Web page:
Labor's Conflict: Big Business, Workers and the Politics of Class
Once widely regarded as the workers greatest hope for a better world, the ALP today would rather project itself as a responsible manager of Australian capitalism. Labor's Conflict provides an insightful account of the transformations in the Party's policies, performance and structures since its formation. Seasoned political analysts, Tom Bramble and Rick Kuhn offer an incisive appraisal of the Party's successes and failures, betrayals and electoral triumphs in terms of its competing ties with bosses and workers. The early chapters outline diverse approaches to understanding the nature of the Party and then assess the ALP's evolution in response to major social upheavals and events, from the strikes of the 1890s, through two World Wars, the Great Depression, and the post-war boom. The records of the Whitlam, Hawke, Keating, Rudd and Gillard governments are then dissected in detail. The compelling conclusion offers alternatives to the Australian Labor Party, for those interested in progressive change.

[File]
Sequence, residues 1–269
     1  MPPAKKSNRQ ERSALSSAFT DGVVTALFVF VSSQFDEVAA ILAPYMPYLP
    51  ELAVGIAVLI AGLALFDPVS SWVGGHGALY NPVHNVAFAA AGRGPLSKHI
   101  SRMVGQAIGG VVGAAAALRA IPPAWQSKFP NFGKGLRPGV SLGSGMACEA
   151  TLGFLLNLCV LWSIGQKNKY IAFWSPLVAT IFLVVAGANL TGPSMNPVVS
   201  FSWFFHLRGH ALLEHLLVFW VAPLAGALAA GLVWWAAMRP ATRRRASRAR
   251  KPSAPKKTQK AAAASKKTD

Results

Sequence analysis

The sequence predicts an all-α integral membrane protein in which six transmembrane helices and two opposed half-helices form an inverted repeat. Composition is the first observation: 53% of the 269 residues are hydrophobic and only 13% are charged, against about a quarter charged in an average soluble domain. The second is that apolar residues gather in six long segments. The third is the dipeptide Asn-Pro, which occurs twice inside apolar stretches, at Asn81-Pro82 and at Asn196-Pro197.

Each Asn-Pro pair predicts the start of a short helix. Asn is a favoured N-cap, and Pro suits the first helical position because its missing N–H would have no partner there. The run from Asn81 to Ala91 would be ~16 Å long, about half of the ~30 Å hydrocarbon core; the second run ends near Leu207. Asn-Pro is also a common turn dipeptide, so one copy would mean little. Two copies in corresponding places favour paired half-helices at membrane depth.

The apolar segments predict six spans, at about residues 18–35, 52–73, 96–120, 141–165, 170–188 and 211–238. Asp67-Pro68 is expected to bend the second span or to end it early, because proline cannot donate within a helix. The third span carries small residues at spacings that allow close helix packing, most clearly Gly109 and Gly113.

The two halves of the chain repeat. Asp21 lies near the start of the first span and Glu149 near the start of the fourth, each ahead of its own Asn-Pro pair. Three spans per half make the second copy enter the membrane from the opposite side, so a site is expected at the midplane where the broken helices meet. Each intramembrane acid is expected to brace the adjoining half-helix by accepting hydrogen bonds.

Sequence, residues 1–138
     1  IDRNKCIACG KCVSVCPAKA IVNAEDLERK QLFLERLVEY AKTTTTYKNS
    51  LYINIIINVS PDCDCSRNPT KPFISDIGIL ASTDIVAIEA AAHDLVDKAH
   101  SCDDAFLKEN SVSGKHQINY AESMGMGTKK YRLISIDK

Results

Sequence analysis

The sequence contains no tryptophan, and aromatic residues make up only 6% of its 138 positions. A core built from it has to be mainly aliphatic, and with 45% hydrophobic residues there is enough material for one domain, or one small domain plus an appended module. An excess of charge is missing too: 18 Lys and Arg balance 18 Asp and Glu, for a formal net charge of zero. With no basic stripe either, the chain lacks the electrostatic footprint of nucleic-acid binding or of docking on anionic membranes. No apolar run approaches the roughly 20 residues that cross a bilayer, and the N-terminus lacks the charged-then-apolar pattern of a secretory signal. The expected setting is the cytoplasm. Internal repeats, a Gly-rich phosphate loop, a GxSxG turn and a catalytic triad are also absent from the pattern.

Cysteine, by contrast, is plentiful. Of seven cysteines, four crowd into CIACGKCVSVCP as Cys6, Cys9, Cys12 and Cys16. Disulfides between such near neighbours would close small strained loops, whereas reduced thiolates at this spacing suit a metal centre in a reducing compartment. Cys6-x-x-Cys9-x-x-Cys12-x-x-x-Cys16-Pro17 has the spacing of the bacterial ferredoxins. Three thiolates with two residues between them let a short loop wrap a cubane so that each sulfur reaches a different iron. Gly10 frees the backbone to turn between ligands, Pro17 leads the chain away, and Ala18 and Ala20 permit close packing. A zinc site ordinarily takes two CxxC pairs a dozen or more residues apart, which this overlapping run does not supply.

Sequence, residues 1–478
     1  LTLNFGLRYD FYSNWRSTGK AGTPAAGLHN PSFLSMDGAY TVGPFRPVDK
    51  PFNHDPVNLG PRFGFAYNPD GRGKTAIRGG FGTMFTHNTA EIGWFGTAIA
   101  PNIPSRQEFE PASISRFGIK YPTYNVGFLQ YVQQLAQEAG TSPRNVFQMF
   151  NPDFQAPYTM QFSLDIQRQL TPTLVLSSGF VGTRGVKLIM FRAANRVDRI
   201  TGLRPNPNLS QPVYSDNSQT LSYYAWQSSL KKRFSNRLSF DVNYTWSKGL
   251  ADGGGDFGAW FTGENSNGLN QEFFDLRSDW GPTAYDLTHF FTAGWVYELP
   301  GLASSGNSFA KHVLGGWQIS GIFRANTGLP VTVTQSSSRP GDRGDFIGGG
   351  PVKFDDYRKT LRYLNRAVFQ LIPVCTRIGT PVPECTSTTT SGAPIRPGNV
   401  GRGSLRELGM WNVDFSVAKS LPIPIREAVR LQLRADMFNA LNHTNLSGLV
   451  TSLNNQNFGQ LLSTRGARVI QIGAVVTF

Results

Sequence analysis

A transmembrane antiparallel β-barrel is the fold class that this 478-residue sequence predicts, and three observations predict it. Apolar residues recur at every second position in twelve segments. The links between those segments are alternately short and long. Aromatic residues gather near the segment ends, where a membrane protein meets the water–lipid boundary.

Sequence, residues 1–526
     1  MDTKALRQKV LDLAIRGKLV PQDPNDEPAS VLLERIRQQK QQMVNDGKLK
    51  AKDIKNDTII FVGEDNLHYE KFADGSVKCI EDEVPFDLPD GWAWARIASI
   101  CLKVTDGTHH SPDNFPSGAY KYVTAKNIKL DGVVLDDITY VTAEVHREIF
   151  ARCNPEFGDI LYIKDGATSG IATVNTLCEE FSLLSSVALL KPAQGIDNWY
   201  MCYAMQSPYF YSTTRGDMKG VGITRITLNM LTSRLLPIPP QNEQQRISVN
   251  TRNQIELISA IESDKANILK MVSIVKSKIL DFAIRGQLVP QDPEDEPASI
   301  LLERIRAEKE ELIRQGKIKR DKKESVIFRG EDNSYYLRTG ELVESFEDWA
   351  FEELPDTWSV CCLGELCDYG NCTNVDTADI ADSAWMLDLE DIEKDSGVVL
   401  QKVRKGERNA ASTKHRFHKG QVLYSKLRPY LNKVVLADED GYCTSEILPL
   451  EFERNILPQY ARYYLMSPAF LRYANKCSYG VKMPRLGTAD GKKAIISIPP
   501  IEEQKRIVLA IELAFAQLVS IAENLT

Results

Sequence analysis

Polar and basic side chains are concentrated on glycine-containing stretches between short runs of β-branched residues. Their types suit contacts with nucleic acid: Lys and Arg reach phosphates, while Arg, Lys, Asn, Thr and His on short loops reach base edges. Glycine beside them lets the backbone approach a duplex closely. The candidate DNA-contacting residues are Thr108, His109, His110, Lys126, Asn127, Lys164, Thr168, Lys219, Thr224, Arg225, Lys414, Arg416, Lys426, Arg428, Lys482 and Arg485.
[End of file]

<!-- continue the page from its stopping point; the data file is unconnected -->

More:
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Aboriginal accessed action ACTU afﬁliated ALP’s asylum seekers Australian capitalism Australian Labor Party beneﬁted branches campaign capitalist capitalist class cent Chiﬂey Coalition Coalition’s commitment conference conﬂict conservative Costa Council Curtin decades defeat detention early economic electoral federal election ﬁght ﬁgures ﬁnancial ﬁrst ﬁve Fraser Hawke and Keating Hawke government Howard government Howard government’s income inﬂuence interests Julia Gillard Keating governments Kevin Rudd Labor governments Labor Party Labor politicians land rights leadership legislation Liberal machines material constitution Melbourne membership ment Michael Costa militant minister mobilisation Northern Territory ofﬁce organisation parliament parliamentary Party’s political Premier primary vote privatisation proﬁts Queensland radical rank and ﬁle reform refugees Rick Kuhn right wing Rudd government Rudd’s sector signiﬁcant socialist South Wales strike Sydney Morning Herald trade unions union leaders union movement union ofﬁcials unionists Victorian voters wage Wayne Swan Whitlam government WorkChoices workers